A business legal expert has called for reform of water management arrangements in the UK in the wake of floods across the Midlands and South Yorkshire.
Simeon Disley, partner at Roythornes Solicitors and head of the firm’s water and flood management team, insists the next government must take a more proactive approach to protect communities from the threat of further devastation.
He said: “To have your home or farm flooded can be soul destroying and financially disastrous. Sadly, the residents of Wainfleet and Fishlake have joined those of Boston, the Somerset Levels and others in having this dreadful experience.
“These recent events together with the predictions for climate change suggest we can expect more extreme weather and rising sea levels to result in flooding.”
With a new government expected to take office in a matter of weeks, Simeon says flood defence management should be high among its priorities.
As it stands, responsibility for flood risk management is shared between the Environment Agency, councils, highway authorities, water companies, and regional committees who coordinate planning.
Roythornes is a sepcialist in agricultural law, and Simeon thinks his farming clients should be given greater say over how water is managed around their land.
He said: “The Environment Agency should be tasked with focusing its experience and skills on the protection of towns and cities.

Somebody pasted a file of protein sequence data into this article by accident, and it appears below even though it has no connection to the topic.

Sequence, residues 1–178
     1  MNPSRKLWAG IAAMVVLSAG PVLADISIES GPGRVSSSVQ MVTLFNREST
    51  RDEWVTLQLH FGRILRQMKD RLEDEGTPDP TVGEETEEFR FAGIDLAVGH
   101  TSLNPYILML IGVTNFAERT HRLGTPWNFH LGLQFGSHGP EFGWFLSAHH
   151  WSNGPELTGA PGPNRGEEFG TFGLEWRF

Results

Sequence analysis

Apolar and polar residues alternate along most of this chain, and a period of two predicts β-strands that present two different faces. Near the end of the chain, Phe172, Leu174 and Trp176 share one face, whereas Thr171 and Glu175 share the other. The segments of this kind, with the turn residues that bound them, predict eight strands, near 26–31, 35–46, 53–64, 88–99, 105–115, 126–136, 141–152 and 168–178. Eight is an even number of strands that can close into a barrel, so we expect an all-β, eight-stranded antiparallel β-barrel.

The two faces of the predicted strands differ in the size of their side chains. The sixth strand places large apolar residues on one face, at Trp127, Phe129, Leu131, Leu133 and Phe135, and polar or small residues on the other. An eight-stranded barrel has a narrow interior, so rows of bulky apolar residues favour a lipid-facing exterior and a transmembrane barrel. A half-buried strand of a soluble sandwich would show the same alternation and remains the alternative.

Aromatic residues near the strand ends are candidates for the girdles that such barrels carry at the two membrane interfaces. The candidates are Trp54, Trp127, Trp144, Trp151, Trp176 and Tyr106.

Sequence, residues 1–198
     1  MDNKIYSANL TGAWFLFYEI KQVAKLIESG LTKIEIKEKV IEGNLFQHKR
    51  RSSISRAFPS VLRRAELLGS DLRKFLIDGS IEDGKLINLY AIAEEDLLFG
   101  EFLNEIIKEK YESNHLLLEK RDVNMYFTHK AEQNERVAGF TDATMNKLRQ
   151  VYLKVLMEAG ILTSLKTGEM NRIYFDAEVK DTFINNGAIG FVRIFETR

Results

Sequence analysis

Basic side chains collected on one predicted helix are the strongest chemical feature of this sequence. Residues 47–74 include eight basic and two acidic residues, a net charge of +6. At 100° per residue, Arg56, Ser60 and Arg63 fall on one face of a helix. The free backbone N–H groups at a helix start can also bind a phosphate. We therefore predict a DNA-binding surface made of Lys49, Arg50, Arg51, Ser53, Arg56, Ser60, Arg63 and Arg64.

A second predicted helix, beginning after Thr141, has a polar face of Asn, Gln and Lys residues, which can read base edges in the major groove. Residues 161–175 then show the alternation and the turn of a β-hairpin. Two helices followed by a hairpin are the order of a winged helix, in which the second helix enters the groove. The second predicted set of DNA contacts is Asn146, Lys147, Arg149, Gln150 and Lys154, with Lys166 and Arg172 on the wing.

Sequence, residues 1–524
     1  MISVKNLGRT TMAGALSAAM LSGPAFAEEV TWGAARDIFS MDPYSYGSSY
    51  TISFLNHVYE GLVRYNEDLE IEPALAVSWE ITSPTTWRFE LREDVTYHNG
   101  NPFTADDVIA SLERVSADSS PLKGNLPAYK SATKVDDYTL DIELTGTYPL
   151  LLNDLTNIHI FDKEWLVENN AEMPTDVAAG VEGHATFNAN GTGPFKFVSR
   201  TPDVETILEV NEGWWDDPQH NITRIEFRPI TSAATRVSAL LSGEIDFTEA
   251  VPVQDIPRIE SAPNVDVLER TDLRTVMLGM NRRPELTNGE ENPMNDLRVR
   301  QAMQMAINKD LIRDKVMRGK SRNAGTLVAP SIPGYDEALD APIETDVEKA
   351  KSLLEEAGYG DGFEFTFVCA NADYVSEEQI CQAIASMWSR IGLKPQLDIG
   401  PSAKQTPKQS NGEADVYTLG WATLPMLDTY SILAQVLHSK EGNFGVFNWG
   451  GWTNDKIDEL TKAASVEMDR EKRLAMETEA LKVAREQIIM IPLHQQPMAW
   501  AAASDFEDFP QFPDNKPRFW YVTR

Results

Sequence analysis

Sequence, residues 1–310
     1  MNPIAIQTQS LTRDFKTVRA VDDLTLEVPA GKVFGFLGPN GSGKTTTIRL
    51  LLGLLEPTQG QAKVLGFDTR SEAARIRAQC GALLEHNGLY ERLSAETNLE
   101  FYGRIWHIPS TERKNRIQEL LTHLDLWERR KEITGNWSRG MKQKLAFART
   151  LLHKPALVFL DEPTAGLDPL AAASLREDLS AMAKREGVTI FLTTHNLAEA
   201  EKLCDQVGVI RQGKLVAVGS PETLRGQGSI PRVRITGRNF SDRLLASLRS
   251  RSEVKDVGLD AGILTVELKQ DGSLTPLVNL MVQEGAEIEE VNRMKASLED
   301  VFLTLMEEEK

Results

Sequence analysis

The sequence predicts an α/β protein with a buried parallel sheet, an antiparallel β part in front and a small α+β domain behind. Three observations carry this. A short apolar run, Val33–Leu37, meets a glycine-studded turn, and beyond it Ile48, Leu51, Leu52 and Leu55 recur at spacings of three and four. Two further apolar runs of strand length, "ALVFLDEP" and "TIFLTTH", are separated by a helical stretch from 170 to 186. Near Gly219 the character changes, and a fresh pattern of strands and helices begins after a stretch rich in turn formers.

“Responsibility for rural areas should be passed to further empowered Internal Drainage Boards and other local bodies who should be allowed the resources they need to protect those areas in partnership with the landowners and farmers.”
He added: “Drainage rates should apply to all rural land and drainage boards should be allowed to increase their rates to cover the costs they will incur in meeting the challenges that lie ahead. “Environmental protection regulations should also be reviewed and reassessed to strike the right balance between protecting the environment and those who live in it.”
The floods this month have also revived the debate over dredging rivers and whether it offers an effective mitigation to flood risks — a debate often influenced by the politics of land ownership.
Many scientists and water systems professionals believe routine dredging would have limited effect, and could in fact make flooding worse in some places if water is allowed to move more quickly.
Instead, they often advocate measures like the restoration of meanders and bogland, the creation of new forested areas, and restrictions on the creation of hard surfaces in new built developments — all natural buffers to the build-up of water in the upper reaches of a river.
A report from the Chartered Institution of Water and Environmental Management, following floods in 2014, noted: “Dredging can play an important role in flood risk management in some cases, but is not a standalone solution.
“It should be considered in the context of a range of tools and the origins of different sources of flood water, and comes with significant risks that must be understood at a local and catchment scale.”
However, Simeon maintains that dredging is the way to go, saying: “Common sense must prevail. Rivers and drains should be dredged and maintained to enable them to cope with the volume of water in extreme conditions and sea defences should be improved against the predicted rise in sea levels.
“The next government must deliver the changes that are required to protect the country’s homes and businesses.”